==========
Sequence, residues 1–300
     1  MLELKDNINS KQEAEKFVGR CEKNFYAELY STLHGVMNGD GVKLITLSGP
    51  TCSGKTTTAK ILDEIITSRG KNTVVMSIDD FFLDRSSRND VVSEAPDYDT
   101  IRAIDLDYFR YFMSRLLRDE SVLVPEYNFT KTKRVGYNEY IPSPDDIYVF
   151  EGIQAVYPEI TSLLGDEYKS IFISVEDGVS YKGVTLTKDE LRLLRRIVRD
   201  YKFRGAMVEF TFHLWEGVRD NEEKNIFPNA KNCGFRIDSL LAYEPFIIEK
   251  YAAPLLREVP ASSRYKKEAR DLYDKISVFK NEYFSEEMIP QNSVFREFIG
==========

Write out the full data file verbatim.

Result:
Sequence, residues 1–300
     1  MLELKDNINS KQEAEKFVGR CEKNFYAELY STLHGVMNGD GVKLITLSGP
    51  TCSGKTTTAK ILDEIITSRG KNTVVMSIDD FFLDRSSRND VVSEAPDYDT
   101  IRAIDLDYFR YFMSRLLRDE SVLVPEYNFT KTKRVGYNEY IPSPDDIYVF
   151  EGIQAVYPEI TSLLGDEYKS IFISVEDGVS YKGVTLTKDE LRLLRRIVRD
   201  YKFRGAMVEF TFHLWEGVRD NEEKNIFPNA KNCGFRIDSL LAYEPFIIEK
   251  YAAPLLREVP ASSRYKKEAR DLYDKISVFK NEYFSEEMIP QNSVFREFIG